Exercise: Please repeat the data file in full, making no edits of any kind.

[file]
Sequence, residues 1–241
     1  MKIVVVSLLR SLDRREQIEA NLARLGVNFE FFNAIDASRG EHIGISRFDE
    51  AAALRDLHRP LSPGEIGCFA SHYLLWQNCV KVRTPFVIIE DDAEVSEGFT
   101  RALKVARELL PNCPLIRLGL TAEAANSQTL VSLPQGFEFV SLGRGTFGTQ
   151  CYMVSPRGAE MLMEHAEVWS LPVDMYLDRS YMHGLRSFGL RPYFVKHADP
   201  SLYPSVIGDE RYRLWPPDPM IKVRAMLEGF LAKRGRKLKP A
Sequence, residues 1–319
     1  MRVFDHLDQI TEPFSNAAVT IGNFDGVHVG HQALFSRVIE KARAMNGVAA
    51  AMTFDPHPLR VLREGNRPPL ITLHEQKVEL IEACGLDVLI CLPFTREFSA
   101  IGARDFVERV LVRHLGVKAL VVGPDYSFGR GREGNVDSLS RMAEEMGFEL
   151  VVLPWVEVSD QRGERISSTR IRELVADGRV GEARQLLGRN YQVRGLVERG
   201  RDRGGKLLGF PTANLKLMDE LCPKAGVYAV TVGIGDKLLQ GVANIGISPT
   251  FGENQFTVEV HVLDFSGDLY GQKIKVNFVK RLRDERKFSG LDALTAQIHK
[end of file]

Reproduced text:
Sequence, residues 1–241
     1  MKIVVVSLLR SLDRREQIEA NLARLGVNFE FFNAIDASRG EHIGISRFDE
    51  AAALRDLHRP LSPGEIGCFA SHYLLWQNCV KVRTPFVIIE DDAEVSEGFT
   101  RALKVARELL PNCPLIRLGL TAEAANSQTL VSLPQGFEFV SLGRGTFGTQ
   151  CYMVSPRGAE MLMEHAEVWS LPVDMYLDRS YMHGLRSFGL RPYFVKHADP
   201  SLYPSVIGDE RYRLWPPDPM IKVRAMLEGF LAKRGRKLKP A
Sequence, residues 1–319
     1  MRVFDHLDQI TEPFSNAAVT IGNFDGVHVG HQALFSRVIE KARAMNGVAA
    51  AMTFDPHPLR VLREGNRPPL ITLHEQKVEL IEACGLDVLI CLPFTREFSA
   101  IGARDFVERV LVRHLGVKAL VVGPDYSFGR GREGNVDSLS RMAEEMGFEL
   151  VVLPWVEVSD QRGERISSTR IRELVADGRV GEARQLLGRN YQVRGLVERG
   201  RDRGGKLLGF PTANLKLMDE LCPKAGVYAV TVGIGDKLLQ GVANIGISPT
   251  FGENQFTVEV HVLDFSGDLY GQKIKVNFVK RLRDERKFSG LDALTAQIHK